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Former deputy county exec, a one-time assemblyman, pleads not guilty to obstruction charges


Richard “Rob” Walker, former chief deputy to then County Executive Ed Mangano, pleaded not guilty Thursday to federal charges of obstruction of justice and making false statements to FBI agents. He was released on $200,000 surety bond, for which he and his wife put up their Hicksville home.

According to court papers, the case against Walker, 43, centers around a $5,000 payment made to him in Indiana at a University of Notre Dame football game by an unnamed contractor in 2014, and Walker’s attempts to conceal the payment from investigators. The government contends that Walker attempted to “obstruct and impede” a federal grand jury investigation, and lied to the FBI about receiving the $5,000 from the unnamed individual.

 Walker, a Republican from Hicksville, represented the 15th Assembly District, which includes East Meadow, from 2005 to 2009. Before that, he was a full-time employee in the Town of Oyster Bay Parks Department from 1998 to 2005. He is also the son of Rose Marie Walker, a Republican county legislator and former Oyster Bay councilwoman. 

The former state assemblyman surrendered his passport to the court after his indictment and was asked to surrender all weapons in his possession to a local police precinct. Walker must ask permission from the court’s pretrial services division if he wants to leave the New York area.  

Prosecutors requested that the court post a substantial bond and that the defendant satisfy several conditions before he was released to “assure Walker’s presence at future court appearances and the safety of the community.”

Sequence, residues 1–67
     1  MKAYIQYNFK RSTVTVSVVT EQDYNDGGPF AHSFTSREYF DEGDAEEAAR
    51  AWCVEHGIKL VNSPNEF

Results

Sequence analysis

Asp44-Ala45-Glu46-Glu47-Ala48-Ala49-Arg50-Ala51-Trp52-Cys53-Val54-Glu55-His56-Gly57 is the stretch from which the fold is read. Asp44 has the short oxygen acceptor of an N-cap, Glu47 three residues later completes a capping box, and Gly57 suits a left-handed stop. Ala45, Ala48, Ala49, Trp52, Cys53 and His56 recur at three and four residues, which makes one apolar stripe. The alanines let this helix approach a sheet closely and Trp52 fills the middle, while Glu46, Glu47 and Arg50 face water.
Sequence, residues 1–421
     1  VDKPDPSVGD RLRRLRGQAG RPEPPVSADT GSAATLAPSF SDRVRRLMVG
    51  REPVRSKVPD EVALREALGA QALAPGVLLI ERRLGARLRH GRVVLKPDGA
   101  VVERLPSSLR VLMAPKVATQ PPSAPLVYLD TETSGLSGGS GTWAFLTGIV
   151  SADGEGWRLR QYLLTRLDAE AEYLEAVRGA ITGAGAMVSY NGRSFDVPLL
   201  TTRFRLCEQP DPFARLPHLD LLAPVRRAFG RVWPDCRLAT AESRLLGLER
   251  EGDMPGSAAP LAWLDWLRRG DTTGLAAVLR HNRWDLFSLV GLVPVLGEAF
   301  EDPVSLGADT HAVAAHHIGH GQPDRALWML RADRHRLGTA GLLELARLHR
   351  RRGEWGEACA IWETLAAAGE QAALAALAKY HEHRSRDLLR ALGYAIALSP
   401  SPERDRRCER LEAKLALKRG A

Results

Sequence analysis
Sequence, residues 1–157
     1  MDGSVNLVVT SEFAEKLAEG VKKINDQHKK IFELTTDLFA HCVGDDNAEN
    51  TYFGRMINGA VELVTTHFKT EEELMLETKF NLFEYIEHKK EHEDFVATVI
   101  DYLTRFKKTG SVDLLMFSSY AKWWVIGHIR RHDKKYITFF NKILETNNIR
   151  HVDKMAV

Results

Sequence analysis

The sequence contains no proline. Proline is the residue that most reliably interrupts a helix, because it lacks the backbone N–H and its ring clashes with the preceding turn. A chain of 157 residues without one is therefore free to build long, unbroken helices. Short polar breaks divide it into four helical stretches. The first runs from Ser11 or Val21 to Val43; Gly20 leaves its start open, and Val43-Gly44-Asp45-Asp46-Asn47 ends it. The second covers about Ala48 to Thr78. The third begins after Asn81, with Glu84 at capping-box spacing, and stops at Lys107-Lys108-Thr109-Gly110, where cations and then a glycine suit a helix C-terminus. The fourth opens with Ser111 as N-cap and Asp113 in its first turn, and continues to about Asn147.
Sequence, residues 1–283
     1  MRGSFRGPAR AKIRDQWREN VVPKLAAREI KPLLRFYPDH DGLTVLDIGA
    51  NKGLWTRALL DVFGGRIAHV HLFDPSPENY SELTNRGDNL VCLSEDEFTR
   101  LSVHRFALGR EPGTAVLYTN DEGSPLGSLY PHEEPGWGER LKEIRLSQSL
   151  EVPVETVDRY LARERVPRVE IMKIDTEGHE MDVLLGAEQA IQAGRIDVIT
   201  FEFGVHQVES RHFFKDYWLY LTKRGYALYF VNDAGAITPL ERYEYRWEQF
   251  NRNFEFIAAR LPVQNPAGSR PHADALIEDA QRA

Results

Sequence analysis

Although Walker waived the reading of the indictment at his arraignment, United States Magistrate Anne Shields repeated its details in court to make sure the Walkers understood that if he “jumped bail,” they could lose their house.

Walker’s defense

Walker also waived his right to a speedy trial in order to have more time to prepare his defense. His next court appearance is scheduled for May 16.

Mangano is set to go to trial in just over two weeks on corruption charges.

After leaving the arraignment at the Alfonse D’Amato United States Courthouse in Central Islip at about 1 p.m. Thursday, Walker’s attorney, Brian Griffin of Garden City, said there was no political misconduct alleged in the two charges filed against his client. He referred to Walker as a “dedicated public servant” who spent his adult life in public service.

“Over the last 2 ½ years, the federal government has gone through every contract Mr. Walker ever dealt with, every campaign contribution he ever received,” Griffin told reporters outside the courthouse. “What we now know from today’s charges is there is no allegation, nor is there any charge of public corruption. There is no allegation, nor is there any charge of bribery, official misconduct or improper campaign contributions.”

“What we are left with then is two charges — two charges that Mr. Walker takes very seriously and two charges that he has been steadfast about from the beginning. And what he said then and what he said today in that courthouse are the words ‘not guilty.’ That’s the defense we intend to follow through on,” Griffin added.

Later, Griffin said that what’s most important to look at is what is not being charged here.

“This isn’t a public corruption indictment,” he said. “This is a personal trip with a 20-year friend. There is no charge back, no tie back to a contribution for any additional services from the county. There is no kickback. Nor has the government tied it back to, or alleged it was, a quid pro quo.”